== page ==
Coronavirus & Remote Learning FAQ for Faculty
Why are students logging in to class from their bed?
This might be the only place they currently have that is calm or quiet enough for them to attend class or simply the only place where they’re currently staying where there is space.
Why aren’t students activating their video in my Zoom/Teams classes?
While no one likes talking to a blank screen or a screen full of small black boxes with names printed in them, there are a variety of reasons why students may not turn their video on during class. Here are a few:
- Slow or limited internet – voice connection uses much less bandwidth than video and will hold longer if the connection is weak; many students are using their family networks to tele-connect along with parents, siblings, and other family members
- Non-functional camera or lack of camera on the device they are using for the class (many desktop computers do not have built-in cameras) or they may be attending class on their phone and are not able to engage fully while holding it to face them
- Feeling uncomfortable with faculty/peers seeing where they are currently living and what assumptions others might make about them because of it, particularly for reasons relating to their social class or culture
- Other people being seen in the video if the student doesn’t have a dedicated and private place to work
- Not wanting to be show themselves due to illness, stress, anxiety, or other health-related reasons
- Fear of bullying from peers and/or judgement from faculty for something the video feed could reveal (e.g., things in a parent’s home that the student themselves does not agree with)
- Feeling like it is an invasion of their privacy
- Needing to balance attending classes while taking care of other responsibilities at home at the same time (e.g., watching younger siblings; helping around the house)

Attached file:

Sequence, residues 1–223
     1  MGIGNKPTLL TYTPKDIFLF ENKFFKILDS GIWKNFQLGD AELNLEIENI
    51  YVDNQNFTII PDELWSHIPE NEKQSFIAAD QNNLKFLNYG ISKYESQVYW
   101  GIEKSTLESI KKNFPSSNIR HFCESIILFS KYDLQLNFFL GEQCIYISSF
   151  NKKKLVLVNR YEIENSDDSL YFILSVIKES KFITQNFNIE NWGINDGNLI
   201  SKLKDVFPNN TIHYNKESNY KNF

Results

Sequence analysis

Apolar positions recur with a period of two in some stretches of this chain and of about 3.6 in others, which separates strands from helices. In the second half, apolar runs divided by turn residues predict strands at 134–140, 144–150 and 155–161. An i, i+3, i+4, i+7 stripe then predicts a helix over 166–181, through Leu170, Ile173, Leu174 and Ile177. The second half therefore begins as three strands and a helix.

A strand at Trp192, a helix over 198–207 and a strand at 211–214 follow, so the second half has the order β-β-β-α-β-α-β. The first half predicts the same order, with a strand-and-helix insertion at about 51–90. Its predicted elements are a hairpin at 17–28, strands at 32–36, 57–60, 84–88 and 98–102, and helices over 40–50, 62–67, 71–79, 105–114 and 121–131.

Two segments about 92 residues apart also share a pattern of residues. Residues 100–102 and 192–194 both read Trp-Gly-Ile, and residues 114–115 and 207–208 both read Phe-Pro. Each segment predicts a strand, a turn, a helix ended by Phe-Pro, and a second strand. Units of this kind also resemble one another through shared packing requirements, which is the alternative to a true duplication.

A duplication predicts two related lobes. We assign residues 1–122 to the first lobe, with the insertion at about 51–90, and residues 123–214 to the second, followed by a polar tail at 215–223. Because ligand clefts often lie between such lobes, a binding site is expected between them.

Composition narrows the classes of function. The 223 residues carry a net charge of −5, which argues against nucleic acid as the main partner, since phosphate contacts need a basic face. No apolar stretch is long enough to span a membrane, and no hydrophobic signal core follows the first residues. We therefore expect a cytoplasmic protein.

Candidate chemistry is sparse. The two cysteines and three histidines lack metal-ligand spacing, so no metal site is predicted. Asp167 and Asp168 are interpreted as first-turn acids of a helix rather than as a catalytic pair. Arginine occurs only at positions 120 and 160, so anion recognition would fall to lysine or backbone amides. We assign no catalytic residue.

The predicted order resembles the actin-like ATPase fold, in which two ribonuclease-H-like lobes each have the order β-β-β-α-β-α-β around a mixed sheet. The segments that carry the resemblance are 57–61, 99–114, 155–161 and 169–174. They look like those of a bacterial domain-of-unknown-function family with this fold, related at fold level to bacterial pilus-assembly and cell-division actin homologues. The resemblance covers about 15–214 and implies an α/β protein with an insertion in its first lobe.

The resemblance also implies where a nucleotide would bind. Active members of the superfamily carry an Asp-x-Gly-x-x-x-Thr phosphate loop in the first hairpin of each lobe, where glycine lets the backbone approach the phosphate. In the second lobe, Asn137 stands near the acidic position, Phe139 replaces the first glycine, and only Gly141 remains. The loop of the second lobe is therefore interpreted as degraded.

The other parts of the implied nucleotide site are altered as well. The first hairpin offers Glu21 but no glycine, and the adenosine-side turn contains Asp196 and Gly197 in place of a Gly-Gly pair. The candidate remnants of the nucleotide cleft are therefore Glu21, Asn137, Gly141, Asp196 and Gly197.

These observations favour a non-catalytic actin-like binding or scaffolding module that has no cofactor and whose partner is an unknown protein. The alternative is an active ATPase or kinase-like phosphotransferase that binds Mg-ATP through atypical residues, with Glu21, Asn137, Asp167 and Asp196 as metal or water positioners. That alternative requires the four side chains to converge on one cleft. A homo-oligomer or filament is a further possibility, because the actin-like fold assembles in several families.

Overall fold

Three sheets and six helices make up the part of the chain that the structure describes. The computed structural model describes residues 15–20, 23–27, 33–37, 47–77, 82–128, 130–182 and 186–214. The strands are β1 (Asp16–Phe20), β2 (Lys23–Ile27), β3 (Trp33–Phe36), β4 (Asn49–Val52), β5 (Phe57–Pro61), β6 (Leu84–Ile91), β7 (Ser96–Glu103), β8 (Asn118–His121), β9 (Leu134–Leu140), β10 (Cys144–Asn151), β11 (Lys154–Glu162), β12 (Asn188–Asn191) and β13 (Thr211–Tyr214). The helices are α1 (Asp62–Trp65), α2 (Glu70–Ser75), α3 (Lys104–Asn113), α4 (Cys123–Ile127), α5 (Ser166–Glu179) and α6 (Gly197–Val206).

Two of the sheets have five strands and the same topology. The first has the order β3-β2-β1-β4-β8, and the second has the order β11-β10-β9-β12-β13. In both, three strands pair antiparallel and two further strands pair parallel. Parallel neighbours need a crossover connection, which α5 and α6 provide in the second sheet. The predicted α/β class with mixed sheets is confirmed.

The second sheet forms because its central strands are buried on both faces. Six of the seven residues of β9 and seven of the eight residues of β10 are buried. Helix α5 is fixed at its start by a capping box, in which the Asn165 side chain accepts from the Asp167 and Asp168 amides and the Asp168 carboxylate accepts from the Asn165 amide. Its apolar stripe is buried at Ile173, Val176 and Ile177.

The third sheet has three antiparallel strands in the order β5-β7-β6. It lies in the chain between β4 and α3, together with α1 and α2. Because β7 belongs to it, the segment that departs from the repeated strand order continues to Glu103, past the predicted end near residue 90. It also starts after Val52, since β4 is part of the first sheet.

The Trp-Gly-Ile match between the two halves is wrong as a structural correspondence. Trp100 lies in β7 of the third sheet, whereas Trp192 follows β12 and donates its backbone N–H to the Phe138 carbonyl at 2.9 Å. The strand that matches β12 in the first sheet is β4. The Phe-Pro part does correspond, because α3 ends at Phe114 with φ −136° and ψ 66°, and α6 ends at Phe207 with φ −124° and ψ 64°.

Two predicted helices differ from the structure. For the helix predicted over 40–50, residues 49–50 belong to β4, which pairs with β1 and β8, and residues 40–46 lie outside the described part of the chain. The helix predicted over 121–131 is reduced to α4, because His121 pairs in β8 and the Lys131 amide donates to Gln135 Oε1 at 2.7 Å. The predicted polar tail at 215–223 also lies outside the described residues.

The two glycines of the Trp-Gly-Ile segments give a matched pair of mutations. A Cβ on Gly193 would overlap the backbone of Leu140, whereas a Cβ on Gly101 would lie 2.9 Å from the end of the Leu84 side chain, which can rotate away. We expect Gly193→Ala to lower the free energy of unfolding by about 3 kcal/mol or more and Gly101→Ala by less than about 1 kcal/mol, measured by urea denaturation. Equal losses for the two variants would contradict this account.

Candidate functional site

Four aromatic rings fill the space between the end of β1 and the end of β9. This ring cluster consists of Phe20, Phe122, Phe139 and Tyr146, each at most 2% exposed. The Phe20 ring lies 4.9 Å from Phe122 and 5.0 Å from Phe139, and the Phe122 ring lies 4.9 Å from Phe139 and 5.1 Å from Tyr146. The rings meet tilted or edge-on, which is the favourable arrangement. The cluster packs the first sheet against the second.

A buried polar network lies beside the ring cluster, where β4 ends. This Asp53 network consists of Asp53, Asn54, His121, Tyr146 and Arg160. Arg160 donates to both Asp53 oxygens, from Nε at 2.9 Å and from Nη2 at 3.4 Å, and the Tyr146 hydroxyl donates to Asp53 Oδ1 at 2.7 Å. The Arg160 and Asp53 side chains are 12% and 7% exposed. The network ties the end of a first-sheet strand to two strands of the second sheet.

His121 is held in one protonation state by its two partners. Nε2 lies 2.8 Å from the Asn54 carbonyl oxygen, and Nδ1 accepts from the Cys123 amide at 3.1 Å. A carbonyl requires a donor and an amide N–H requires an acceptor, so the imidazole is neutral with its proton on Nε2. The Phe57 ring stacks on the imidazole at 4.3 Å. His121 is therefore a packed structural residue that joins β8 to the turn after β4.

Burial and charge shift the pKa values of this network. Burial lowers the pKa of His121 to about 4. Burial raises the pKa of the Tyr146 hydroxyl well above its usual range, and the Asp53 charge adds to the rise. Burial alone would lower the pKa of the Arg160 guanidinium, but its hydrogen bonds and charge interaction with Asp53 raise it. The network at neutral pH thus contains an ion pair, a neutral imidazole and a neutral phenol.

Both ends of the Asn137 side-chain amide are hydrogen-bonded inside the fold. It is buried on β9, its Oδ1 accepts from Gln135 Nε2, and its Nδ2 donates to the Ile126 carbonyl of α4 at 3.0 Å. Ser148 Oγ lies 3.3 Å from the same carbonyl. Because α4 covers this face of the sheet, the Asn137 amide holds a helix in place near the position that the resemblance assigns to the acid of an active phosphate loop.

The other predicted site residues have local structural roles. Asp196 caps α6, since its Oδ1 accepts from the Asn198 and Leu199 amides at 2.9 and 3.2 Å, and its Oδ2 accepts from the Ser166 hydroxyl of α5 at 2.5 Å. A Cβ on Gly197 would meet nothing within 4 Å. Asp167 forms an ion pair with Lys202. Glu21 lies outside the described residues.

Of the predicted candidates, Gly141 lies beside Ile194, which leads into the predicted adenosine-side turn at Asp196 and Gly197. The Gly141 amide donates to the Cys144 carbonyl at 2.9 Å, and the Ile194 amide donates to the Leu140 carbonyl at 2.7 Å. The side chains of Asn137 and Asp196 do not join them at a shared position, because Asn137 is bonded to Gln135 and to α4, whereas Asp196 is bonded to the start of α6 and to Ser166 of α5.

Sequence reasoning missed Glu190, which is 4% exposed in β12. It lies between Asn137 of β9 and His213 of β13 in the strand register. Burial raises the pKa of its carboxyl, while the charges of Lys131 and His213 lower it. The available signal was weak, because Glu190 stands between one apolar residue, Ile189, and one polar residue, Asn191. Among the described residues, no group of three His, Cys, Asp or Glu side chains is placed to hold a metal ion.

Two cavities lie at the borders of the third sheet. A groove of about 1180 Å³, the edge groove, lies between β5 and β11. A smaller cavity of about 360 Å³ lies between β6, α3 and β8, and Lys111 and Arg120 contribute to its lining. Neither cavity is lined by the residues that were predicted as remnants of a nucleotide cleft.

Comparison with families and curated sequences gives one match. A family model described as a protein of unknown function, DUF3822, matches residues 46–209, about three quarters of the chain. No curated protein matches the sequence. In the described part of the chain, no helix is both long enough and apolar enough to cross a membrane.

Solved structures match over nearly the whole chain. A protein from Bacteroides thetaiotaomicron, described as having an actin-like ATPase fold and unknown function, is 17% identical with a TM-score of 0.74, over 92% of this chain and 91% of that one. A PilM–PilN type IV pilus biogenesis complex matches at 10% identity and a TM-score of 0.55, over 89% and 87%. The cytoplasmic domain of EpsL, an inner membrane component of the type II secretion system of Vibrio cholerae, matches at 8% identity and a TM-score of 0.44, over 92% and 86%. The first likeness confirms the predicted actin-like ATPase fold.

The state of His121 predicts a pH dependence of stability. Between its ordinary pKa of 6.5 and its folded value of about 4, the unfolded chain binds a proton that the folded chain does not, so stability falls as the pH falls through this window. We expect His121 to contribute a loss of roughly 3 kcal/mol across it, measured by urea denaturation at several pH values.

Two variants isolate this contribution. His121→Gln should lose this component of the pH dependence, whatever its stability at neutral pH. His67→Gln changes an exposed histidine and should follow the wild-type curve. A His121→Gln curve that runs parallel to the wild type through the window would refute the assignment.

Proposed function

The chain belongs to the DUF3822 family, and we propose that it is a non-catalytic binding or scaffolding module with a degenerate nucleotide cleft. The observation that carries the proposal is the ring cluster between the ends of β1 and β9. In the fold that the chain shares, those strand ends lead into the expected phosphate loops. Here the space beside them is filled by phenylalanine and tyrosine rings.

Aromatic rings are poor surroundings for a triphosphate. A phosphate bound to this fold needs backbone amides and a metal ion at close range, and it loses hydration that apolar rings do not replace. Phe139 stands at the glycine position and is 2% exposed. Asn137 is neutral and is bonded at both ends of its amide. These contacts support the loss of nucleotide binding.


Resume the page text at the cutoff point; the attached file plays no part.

While it is easier to feel engaged with the students whose faces you can see, please try not to make assumptions about students who are present but unseen. While one may be asleep or watching Netflix, most are dealing with one or more of the situations described above.
One of my students does not have access to the technology needed to participate in their classes. What resources are there to help them?
For students who do not have personal technology that will allow them to access your online course, please reach out to the IT Department who has been working with students to help them get connected. For other issues relating to technology and your course, are there other ways that the student could have access to a different experience that will help achieve a similar learning outcome? Work with the student individually to determine a best course of action that is accessible to them and within their means.
Our class is at the same time it has always been. Why aren’t students logging in during the scheduled time?
While many Cooper Union students are still located in the tri-state area, others have returned home to their families in time zones across the world and may no longer be able to attend class at the same time. Even students who are still present in New York City may be experiencing changes to their normal routines that prohibit them from attending synchronous class – they may need to work to support their family; they may need to assist with childcare for younger siblings or the children of their own siblings; they may have become the primary caretaker for an ill or elderly relative; they may be struggling with their own health and wellness; or they may not have access to a computer or internet connection during the time when your class meets.